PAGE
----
You might think you have all your environmental permits in good order at your facility. Fair enough. But I want you to think again.
Say you're the facility manager of a manufacturing facility. During the manufacturing process, some emissions are generated. But you’ve determined that the emissions and process throughput do not meet the threshold for requiring an air permit. You’re golden.
But… years later, processes and raw materials change. Or production has increased. Or you’re using similar raw materials, but the quantity has increased to the level that your emissions and/or process throughput puts you over that magical threshold for determining if you need a permit or not. If that is the case, unfortunately you may be in violation of local, state or federal regulations. It may be time for a permit or a revised permit.
Here’s the deal: when you do an evaluation for whether or not you need a permit, you’re only looking at your facility’s conditions at that moment in time.
For facilities that do not have permits, I often ask facility managers when they determined they didn’t need a permit – sometimes they tell me 10 years ago! Even though I’m sure a lot has changed at that facility over that timeframe.
For facilities that do have permits, many permits are usually effective for a 5-year time period. Your permits must cover what is going on at your facility; and it is your responsibility to make sure your permits cover what is going on at your facility. Remember, when you applied for your permits, the permit applications you filed covered what was going on at your facility at that moment in time. Lots of changes occur at your facility over that 5-year time period. As a result, do your permits still cover what is going on at your facility?
I’m not saying you always need a new permit or need to modify an existing one. Some facility conditions might still be covered by your original permits despite changes you’ve made.
Whether you have permits or not, make sure you evaluate the conditions at your facility whenever you have any changes that may result in the need for permits or the need to modify your existing permits to account for those changes.
Permitting requirements can be burdensome. Sometimes permits aren’t renewed, required monitoring and reporting isn’t done, training isn’t up to par, or there isn’t proper recordkeeping. All grounds for violations.
Permitting requirements run the gamut of many EH&S regulations, including:
- Air Quality
- Water Quality
- Solid & Hazardous Waste
- Spill Prevention
- Storage Tanks
- TSCA (Toxic Substances Control Act)
- Health & Medical Services
- Chemical & Physical Exposures
- Equipment Safeguards
- Security Measures
Yes, there’s lots to know and understand; and we all have limited time to do so!
So How Do You Find Help With Permit Issues?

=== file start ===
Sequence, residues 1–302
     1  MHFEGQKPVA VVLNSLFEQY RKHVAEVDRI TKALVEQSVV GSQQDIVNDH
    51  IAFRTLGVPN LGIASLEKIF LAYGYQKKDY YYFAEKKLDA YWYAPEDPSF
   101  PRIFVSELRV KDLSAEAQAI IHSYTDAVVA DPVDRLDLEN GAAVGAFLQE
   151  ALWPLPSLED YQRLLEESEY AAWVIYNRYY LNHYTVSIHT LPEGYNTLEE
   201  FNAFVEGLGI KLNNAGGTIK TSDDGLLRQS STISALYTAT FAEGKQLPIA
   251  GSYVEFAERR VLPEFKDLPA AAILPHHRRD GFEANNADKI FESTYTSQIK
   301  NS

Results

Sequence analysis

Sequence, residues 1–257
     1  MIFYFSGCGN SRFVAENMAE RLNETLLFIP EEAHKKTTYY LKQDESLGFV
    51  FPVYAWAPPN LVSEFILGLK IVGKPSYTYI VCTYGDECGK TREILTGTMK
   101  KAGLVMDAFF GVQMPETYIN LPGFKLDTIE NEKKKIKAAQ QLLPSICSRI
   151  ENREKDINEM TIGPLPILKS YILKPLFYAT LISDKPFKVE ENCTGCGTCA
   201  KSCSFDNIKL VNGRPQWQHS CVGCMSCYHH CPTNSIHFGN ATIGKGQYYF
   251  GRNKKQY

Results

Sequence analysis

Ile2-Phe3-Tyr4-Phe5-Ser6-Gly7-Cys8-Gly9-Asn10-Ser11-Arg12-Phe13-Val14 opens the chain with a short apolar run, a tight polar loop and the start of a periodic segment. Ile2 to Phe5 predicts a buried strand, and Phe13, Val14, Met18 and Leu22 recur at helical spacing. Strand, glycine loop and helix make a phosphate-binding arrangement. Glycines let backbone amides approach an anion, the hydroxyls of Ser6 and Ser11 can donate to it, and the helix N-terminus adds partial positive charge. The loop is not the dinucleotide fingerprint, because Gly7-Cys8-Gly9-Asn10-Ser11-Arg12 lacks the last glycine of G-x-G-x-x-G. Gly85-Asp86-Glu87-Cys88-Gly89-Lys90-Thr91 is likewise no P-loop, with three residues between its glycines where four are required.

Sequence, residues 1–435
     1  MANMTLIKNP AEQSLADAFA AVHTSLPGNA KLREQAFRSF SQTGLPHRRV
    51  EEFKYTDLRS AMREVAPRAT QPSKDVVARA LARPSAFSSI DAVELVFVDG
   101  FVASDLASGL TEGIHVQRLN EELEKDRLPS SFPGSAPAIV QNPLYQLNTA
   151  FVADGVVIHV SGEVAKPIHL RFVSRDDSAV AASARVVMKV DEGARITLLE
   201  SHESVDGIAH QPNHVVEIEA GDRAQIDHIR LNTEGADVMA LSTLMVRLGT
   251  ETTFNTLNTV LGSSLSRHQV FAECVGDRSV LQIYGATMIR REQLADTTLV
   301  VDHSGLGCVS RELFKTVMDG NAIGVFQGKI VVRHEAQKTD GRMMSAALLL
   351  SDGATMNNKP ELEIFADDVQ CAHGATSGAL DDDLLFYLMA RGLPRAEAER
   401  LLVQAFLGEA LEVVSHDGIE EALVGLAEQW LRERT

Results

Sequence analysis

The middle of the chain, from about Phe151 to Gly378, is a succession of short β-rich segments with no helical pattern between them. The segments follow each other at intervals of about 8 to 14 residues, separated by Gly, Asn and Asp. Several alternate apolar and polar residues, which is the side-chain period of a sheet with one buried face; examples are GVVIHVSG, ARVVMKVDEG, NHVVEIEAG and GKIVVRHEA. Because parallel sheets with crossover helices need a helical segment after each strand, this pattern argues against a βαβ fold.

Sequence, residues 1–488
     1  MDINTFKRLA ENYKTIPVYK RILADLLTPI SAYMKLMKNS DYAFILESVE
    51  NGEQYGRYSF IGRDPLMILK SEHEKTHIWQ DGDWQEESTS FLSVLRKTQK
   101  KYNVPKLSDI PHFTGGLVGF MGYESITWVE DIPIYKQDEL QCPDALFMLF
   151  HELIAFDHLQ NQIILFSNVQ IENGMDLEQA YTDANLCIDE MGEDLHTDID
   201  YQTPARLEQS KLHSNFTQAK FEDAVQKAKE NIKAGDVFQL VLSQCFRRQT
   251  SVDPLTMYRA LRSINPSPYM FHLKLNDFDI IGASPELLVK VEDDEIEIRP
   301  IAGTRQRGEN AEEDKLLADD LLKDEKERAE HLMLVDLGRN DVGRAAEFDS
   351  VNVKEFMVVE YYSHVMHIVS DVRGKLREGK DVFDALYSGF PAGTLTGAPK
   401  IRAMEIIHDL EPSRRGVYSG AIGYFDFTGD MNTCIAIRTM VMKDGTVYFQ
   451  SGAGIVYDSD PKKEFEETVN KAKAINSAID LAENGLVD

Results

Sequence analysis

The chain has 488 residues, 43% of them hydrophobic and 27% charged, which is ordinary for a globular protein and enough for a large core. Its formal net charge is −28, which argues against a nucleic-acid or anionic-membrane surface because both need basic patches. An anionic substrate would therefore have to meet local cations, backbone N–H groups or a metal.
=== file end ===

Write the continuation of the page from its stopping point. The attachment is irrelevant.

The good news is that you have a lot of resources to lean on to find out if you’re up to snuff with your permits. Of course, time is of the essence. I recommend you take a multi-pronged approach to be as thorough as possible:
- Seek help from an environmental consultant (yes, they cost money, but much less than the resulting fines from regulators if you do not have the proper permits).
- Seek assistance from an industry association you are a member of for help with regulation interpretation.
- Ask your team or get in touch with a sister facility with similar operations.
- Go online, including regulator websites (they have plenty of guidance documents).
- Enroll in available regulators’ voluntary compliance programs (but seek legal counsel first before enrolling in such programs).
- Consider training (in-person or online).
- Finally, make sure any institutional knowledge you gain in this process is maintained. That comes down to facility knowledge and documentation.
More Than Manufacturers
You might think that if you’re not a manufacturer you don’t need to worry so much about permits and plans. Please don’t make that mistake! For example, we have clients that are office complexes that require permits or plans because they have back-up generators that use fuel oil, they use fluorescent bulb crushers to recycle spent fluorescent light tubes, and some that have cafeterias with oil & grease traps.
Bottom-line is that any facility you manage could potentially need environmental permits. So please don’t assume you do not need a permit and, if you have a permit, please don’t assume that your permit is the correct one for your facility. You have to routinely evaluate your permits and your facility conditions, especially when any changes occur at your facility, to make certain that you do not need a permit or a permit modification. This approach is a core foundation for any robust EH&S program.
To make sure you remain in compliance with permits, be sure to download this free checklist. It’s an easy way to keep track of permits, conditions, and deadlines.